In connection to mountains, why does the Edelweiss become such a powerful symbol?

The Edelweiss could be considered as a symbol for the triumph of the will, spirit over matter, a spirituality that overcomes gravitation. It is a special and wild plant that is not beautiful at all in the average sense of the word. In some way it even does not look like a flower, its blossoms with their white fur look like the claws of a lynx or mountain lion. For me this white fur is a white vlies compared to the golden vlies of the argonauts. The Edelweiss symbolizes at the same time a romantic idea but is also a symbol of reality, of realism. Too much romanticism in the mountains might become dangerous. Each alpinist needs apart from his love and passion for the mountains a certain realistic attitude, some reason – otherwise his beloved mountains might embrace him forever. I simply like this little white entity. It is an essential part of my private mythology, and I am collecting everything in connection with the Edelweiss. In the Allerseelen CD Edelweiss there is also the Edelweiss cross on the peak of the Kehlstein in the Berchtesgadener Land which is famous or infamous because of the Eagle’s Nest.

The backcover of Hallstatt also includes the passage “the songs are dedicated to those who decided to disappear forever in the mountains “. What’s the story behind that?

There is always a certain danger in the mountains. And the beautiful mountains and landscapes are more dangerous than the less impressive ones. Beauty and danger are close to each other. As I love beautiful mountains too, I am also a bit in danger. This passage refers to various things, for example also to the fate of the Grail researcher and troubadour Otto Rahn who wrote so much about the Cathars and their mystical suicide Endura – and then commited suicide close to a dangerous mountain with the beautiful name Totenkirchl, Chapel of the Dead, in the mountains of Tyrol. Maybe one day I will also disappear forever in my beloved mountains – like Tannhäuser who returned to the mountain Hörselberg. I have a favourite place in the Julian Alps in Slovenija that I discovered some years ago – if I want to disappear one day completely without leaving any traces I know exactly where to go.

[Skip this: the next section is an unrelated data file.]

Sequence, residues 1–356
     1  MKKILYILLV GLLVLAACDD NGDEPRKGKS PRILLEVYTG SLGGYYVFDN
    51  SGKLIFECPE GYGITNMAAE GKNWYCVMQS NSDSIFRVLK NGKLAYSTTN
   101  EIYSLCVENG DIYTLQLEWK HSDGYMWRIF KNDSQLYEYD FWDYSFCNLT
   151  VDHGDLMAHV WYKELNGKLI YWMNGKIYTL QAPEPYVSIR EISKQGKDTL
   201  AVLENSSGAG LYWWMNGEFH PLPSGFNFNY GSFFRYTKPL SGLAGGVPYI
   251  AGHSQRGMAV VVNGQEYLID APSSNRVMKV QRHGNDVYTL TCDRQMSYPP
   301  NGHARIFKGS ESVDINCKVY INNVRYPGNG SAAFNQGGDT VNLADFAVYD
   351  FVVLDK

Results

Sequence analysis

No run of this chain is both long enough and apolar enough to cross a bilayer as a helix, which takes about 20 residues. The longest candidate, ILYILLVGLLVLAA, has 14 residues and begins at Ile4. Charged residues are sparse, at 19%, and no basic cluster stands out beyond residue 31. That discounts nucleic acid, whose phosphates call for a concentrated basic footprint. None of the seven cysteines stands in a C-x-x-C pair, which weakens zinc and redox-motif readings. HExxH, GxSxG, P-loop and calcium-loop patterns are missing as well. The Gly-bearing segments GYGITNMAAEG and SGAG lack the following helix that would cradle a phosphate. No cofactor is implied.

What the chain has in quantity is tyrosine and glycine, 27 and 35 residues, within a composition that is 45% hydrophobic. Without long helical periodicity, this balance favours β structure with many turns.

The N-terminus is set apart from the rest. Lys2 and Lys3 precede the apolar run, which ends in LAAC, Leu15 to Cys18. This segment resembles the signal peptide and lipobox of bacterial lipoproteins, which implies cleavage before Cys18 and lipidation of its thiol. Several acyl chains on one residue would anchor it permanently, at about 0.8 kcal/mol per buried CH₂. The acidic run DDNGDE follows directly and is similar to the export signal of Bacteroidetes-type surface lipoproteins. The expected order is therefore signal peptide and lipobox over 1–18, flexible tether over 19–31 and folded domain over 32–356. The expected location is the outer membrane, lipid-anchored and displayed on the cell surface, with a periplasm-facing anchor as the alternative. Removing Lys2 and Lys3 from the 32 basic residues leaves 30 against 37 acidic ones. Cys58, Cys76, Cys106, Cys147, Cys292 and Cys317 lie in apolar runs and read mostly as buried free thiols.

Allerseelen is definitely operating within imaginary realms, what insights could you give us on your future album Terra Incognita? Two songs have already been partly revealed so far: Schwarzes Vinyl and Ikarus. Concerning the latter, there’s definitely an interesting myth behind it, which focuses on flight/falling/frailty, almost like a complete triptych. However, one could also sense a certain Geworfenheit condition there, being thrown in the world. What made you choose that representation and how do you appropriate it for this track?
Schwarzes Vinyl, there’s almost an alchemical quality to it, also suggested by the lyrics. Makes one think of Robert Fludd’s illustrations, an ad astra state which also links back to Ein Ganzes Jahr, for ex. However, Fludd is not new for Allerseelen… Could you share more thoughts on that?

I do not know very much about Terra Incognita. I just started working on some songs, and I have no idea how the final Terra Incognita may look like. I invited some wellknown musicians from Sweden, Catalunya and Italy to accompany me in this travel to Terra Incognita. Yes, Ikarus and Schwarzes Vinyl might be on Terra Incognita. I have been fascinated by the hero Ikarus for a long time. While working on the song, I thought of the Japanese writer Yukio Mishima who died in some way very Ikaruslike too – his vision brought him definitely too close to the utopic sun of Japanese traditionalism. I opened his book Sun and Steel and suddenly discovered an Ikarus poem written by Yukio Mishima. There is a lot of magnetism in art. Ikarus is full of significances – and maybe all of these meanings make this myth so heavy that the hero had to fall. I like to combine various elements in a surrealistic way – and suddenly something brand–new and colourful may arise, a certain private mythology. Actually the life and work of Robert Fludd is for me terra incognita too. I saw some of his drawings in a book about alchemy and magic, I liked them and decided to use one of his diagrams for the now sold–out Allerseelen CD Sturmlieder. Schwarzes Vinyl is actual the black sky at night that slowly rotates – and the stars are little pieces of dust on this black vinyl.

Böses Blut is another song I am looking forward to. Pertinent title, what is the story behind it? Where is it going to be included?

The song Böses Blut or Evil Blood was inspired by Atropa belladonna. Böses Blut is the black blood of belladonna – I took one of these incredibly sweet and beautiful cherries last summer during a magical mystery tour with Allerseelen to the Netherlands and Germany. Belladonna, like all drugs, is definitely a Pandora’s Box too – one should be careful with opening it. If one risks too much, one might get to know a certain terra incognita named death, so also in the realms of natural psychoactive drugs I am behaving more like Daedalus. Otherwise probably I would not be able to answer your questions. But maybe the most dangerous of all psychoactive drugs is music.

Böses Blut has also been performed in your tour with Agalloch and Waldteufel in America in December 2010. Many were interested to see how a live collaboration between Allerseelen and Agalloch would be like, considering that the musical “styles” seem to be different. What were your expectations and how were the performances received by the audience?